I remember telling Charlotte Approach that I was the only person aboard along with about 50 gallons of fuel. The controller asked if I had Runway 23 in sight. I got a little confused and forgot which runway I was headed for since I always landed on 18L at CLT. I’d never landed on 23 and couldn’t pick it out from the city lights. I could see 18L, but not 23.

“You want us on 18 Left?” I asked.

“I have you set up for Runway 23 straight in,” the controller responded. I told him I didn’t see it yet. “OK, turn 5 degrees left. Five miles from the runway. Are you able to maintain your altitude?”

“Yes, sir,” I said. “We’re doing all right, but could you turn the runway lights up all the way, sir?”

“Sure will. And I’ll vector you to the runway, Congressional 100.”

Once I saw the runway, the ­controller said, “Cleared visual approach Runway 23. There’s an Aerostar landing Runway 36 Right that will hold short of your runway.”

“Congressional 100, contact the tower now on 118.1. The equipment is standing by for you. Good night.”

When I was certain I had the runway made, I lowered the first 15 degrees of flaps and then the landing gear. That’s when I heard a strange kerklunk sound from the front of the airplane.

“Can you tell Congressional 100 if you see a light in the nose?” I asked the tower controller. “I’m not sure if the nose wheel is going to make it down because it’s torn up.”

This Baron had a taxi light on the nose gear. I had checked it during prefight, and it had worked during the taxi out at Richmond. The controller said he’d look for the light. He saw a light but couldn’t be sure if it was on the nose gear, so I wasn’t sure the nosewheel was down.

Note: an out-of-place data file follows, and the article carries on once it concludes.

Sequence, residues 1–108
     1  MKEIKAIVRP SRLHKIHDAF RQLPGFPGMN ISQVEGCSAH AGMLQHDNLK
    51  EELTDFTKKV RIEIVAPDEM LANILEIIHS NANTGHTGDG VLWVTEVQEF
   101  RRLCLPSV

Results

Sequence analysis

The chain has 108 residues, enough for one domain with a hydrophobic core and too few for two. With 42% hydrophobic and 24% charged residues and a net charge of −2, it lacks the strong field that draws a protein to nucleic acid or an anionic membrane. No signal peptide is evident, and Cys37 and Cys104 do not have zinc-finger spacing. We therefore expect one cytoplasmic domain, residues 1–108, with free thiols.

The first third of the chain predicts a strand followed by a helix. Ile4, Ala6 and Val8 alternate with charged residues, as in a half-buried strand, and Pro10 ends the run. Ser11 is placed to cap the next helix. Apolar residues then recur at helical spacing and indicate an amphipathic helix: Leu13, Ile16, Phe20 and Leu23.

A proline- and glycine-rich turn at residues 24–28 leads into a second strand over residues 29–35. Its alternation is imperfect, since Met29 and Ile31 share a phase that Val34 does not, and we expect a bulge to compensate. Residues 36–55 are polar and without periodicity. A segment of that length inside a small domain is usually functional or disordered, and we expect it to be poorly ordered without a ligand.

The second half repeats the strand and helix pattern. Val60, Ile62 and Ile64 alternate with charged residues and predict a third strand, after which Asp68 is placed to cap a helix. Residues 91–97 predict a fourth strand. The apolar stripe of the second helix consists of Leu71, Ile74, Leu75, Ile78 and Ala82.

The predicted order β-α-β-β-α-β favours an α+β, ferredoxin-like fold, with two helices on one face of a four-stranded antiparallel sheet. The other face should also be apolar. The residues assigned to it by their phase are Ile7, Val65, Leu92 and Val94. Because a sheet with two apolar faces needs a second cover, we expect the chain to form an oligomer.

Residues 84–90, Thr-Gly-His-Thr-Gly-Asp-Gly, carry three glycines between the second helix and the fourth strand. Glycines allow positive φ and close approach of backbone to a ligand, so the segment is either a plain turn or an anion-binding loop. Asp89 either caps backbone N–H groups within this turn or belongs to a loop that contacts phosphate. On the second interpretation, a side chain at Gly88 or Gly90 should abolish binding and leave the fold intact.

I continued the approach and touched down on the main wheels holding the nose up as long as I could. I brought the left engine to idle and the mixture to cut off. The nose wheel touched down the way it was supposed to and the airplane quietly rolled to a stop. The runway edge lights were the only lights I saw.

I sat for a moment in the dark, and then found my flashlight and opened the door. I stood on the right wing shining my light on the half propeller and all the jagged metal in the nose. Suddenly I heard a terrifying noise and shined my light toward the back end of the Baron.

Out of the darkness rushing toward me were alien spacemen—actually, they were airport firefighters in their silver suits. They took off their hoods to reveal earthly humans, asking, “Are you OK?” “Yeah, I’m fine,” I said. Suddenly my mind snapped back to business. “My checks!” Without asking, I opened the Baron’s back door and started heaving my check bags onto the nearest fire truck. “Take these checks over to my courier, and can you hurry?” They took the bags and we made the cut off time.

A little later I learned the right ­propeller was due for an overhaul. The propeller’s broken counterweight band that stuck in the nose had an ­oxidized section followed by a clean break. During the overspeed, the band had broken loose and lodged itself between the propeller and the spinner, which is why I couldn’t feather the prop. The violent shaking had broken the motor mount in two places, leaving the engine ­hanging down. Just an inch aft of where the propeller blade had entered the fuselage was a fully charged oxygen bottle. I guess it just wasn’t my night to go.